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Sheet music - indicating power chords in staff

Hi music people

How do I indicate power chords in a regular score? I see some score with chord letters in capitals, but I can play a power chord A on the 5th fret and regular open chord A

Do I just do the 1,5,8 in the bass cleft with the tab square above it, or is there a conventional way? is putting the chord letter in capitals in that beat's spot indicative, understood?

Thanks
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beavoid
Asked:
beavoid
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5 Solutions
 
Kent WSr. Network / Systems AdminCommented:
In tablature, normally just the notes themselves indicate a power cord.
In true scoring, the most often standardization is the cord name "E5", or whatever, written above the measure / note (which ever makes sense for that particular chord).
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beavoidAuthor Commented:
Thanks,

so A5 is A major played on the 5th fret, bar chord, not open,
and so D5 would be its 4th, D Major?

F#2 would be F# bar chord on 2nd fret,
B2 would be its 4th, B major played there also?

Thanks
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BillDLCommented:
The "E5" that Kent W was referring to is an indication that the chord comprises only the Root and the 5th note from the scale of E major.  A Power Chord does not use the 3rd note from the scale because that is the one that distinguishes the chord from being a Minor or major one.

The 5 in "E5" is not a reference to the fret number.  It is just a method of indicating an E Power Chord.

Reference:  https://en.wikipedia.org/wiki/Power_chord
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Kent WSr. Network / Systems AdminCommented:
I'm sorry I did not see your response OP or I would have clarified.  Bill gave you good info there. Thanks  Bill.
Yes the 5 indeed refers to the chord being a 5th.
A power chord is traditionally only two tones, the root and the 5th, and also played amplified with high or muddy gain.  On a standardly tuned guitar the shape, using G as an example (G5 power cord) would be 6th string 3rd fret, 5th string 5th fret.
You simply move this shape around, and it works for any chord with it's root on the 4th, 5th, or 6th strings, except for open power chords. In these instances the nut of the guitar is doing that work of holding the root, so in the case of, say an E, the shape is open E (6th string) and fretted B (2nd fret on the 5th).  But important to remember the power chord is only these two tones, traditionally. Adding any other tone but root /5th makes it something else.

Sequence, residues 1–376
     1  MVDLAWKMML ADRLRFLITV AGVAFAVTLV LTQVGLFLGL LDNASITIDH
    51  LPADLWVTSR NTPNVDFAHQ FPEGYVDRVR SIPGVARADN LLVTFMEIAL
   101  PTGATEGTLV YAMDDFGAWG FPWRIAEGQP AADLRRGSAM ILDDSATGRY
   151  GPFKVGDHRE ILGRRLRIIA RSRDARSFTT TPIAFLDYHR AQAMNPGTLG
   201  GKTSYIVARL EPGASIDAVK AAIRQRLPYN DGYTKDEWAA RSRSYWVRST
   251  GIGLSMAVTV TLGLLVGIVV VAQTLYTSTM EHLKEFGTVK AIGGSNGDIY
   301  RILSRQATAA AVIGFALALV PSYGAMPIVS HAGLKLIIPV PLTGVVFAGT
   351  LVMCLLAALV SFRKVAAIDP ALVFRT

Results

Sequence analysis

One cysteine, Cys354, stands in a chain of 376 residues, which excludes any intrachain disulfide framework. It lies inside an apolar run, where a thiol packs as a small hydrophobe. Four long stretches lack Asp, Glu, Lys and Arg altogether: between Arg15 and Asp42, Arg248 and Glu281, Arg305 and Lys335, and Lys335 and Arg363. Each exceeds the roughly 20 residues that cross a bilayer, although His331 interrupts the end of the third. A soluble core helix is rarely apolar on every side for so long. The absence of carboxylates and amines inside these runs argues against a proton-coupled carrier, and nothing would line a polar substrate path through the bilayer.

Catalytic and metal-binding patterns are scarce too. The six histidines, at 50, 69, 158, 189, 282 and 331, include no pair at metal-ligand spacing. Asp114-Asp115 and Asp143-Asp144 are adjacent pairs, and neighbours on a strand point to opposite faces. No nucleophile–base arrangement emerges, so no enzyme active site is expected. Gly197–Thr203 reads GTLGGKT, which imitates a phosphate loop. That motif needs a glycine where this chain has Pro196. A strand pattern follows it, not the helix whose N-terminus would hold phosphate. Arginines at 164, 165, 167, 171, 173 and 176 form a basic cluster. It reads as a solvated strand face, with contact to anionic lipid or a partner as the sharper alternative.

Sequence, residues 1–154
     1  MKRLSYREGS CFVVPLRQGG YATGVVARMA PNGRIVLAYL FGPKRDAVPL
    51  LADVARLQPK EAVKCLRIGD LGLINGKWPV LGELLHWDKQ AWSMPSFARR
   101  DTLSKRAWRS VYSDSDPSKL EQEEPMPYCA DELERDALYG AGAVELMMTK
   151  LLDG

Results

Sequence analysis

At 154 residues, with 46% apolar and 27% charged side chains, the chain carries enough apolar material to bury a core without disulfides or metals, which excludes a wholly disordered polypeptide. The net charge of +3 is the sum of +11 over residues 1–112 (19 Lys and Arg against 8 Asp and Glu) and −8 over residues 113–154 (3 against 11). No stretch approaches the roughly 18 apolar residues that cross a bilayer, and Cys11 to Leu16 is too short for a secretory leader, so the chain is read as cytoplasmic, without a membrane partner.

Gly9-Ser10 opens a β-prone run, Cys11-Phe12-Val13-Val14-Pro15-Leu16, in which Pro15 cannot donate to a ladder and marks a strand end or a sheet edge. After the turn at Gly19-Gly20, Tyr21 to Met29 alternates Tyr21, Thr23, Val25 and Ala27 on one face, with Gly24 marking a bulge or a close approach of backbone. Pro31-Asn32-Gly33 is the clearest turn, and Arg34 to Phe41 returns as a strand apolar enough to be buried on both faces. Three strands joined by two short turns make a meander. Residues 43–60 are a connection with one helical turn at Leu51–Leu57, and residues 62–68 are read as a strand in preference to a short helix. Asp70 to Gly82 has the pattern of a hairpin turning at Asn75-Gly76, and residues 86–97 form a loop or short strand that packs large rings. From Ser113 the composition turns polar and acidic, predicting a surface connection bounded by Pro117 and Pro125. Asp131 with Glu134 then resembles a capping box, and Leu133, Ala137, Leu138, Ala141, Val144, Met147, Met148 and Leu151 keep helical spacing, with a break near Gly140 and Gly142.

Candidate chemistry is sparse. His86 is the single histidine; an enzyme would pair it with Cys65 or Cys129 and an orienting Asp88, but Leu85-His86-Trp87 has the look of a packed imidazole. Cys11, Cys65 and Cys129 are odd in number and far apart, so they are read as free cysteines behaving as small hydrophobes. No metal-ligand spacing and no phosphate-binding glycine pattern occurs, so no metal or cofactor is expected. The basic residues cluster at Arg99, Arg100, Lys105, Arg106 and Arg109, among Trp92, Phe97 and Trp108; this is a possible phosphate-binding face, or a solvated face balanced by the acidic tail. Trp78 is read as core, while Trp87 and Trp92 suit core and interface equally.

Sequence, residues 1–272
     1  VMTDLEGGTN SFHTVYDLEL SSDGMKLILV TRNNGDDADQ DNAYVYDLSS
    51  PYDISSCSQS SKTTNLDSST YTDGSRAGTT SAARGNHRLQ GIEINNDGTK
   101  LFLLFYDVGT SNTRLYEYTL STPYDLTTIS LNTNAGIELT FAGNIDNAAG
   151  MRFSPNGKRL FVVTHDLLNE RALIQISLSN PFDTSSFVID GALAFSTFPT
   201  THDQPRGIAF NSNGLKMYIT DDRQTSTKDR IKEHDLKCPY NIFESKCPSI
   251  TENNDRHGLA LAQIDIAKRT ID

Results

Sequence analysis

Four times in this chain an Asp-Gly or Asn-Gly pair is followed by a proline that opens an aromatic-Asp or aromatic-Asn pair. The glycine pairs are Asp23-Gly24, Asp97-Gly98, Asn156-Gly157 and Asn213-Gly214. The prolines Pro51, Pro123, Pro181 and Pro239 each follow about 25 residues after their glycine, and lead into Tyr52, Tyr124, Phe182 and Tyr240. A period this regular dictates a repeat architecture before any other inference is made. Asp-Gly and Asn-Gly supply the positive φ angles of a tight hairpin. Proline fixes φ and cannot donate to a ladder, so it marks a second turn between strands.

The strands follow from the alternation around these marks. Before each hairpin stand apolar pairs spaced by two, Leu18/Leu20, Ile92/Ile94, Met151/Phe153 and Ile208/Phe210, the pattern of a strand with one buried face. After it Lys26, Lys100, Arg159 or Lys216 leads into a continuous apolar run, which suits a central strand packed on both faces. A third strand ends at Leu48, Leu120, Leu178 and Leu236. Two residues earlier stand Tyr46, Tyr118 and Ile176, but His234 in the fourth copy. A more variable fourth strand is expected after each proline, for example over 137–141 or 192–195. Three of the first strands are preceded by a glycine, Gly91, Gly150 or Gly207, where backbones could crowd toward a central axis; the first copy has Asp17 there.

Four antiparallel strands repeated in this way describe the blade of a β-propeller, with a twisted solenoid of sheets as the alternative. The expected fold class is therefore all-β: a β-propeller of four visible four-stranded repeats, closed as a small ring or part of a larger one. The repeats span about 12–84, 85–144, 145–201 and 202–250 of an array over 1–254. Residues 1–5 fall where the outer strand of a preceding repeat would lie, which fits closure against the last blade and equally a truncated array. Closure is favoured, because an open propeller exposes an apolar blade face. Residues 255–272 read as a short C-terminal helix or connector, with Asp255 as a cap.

Also something to note that I don't see a way to example here - when you see power chords on score, above the staff notes, they are normally indicated, for example E power chord is E5.  But what we can't show here is that 5 is normally raised up a bit in typeface similar to scientific notation or exponent notation (like 10 to the 10th power).
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BillDLCommented:
Kent W, I'm not sure if you will be able to see this article, but it explains the formatting options and associated tags that can be used in comments here.
http://support.experts-exchange.com/customer/portal/articles/2421387
The ones that follow the description of the normal toolbar buttons are new formatting options like subscript, superscript, strikethrough, and highlighter.  Superscript uses [sup]Text[/sup]

H5
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beavoidAuthor Commented:
Thanks everyone.
Like you say, and as I thought. That wikipedia link says it.

An A power chord on the 5th fret is A5, and its 4th, D, there, too, is D5

Happy holidays!!
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BillDLCommented:
Happy power chording.  Incidentally, DON'T play "Smoke On The Water" using Root and 5th power chords (D5 / F5 / G5, etc).  It is in G minor uses power chords based on the Root and 4th ;-)
https://en.wikipedia.org/wiki/Smoke_on_the_Water
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beavoidAuthor Commented:
Thanks.

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beavoidAuthor Commented:
Thanks
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BillDLCommented:
Thank you beavoid
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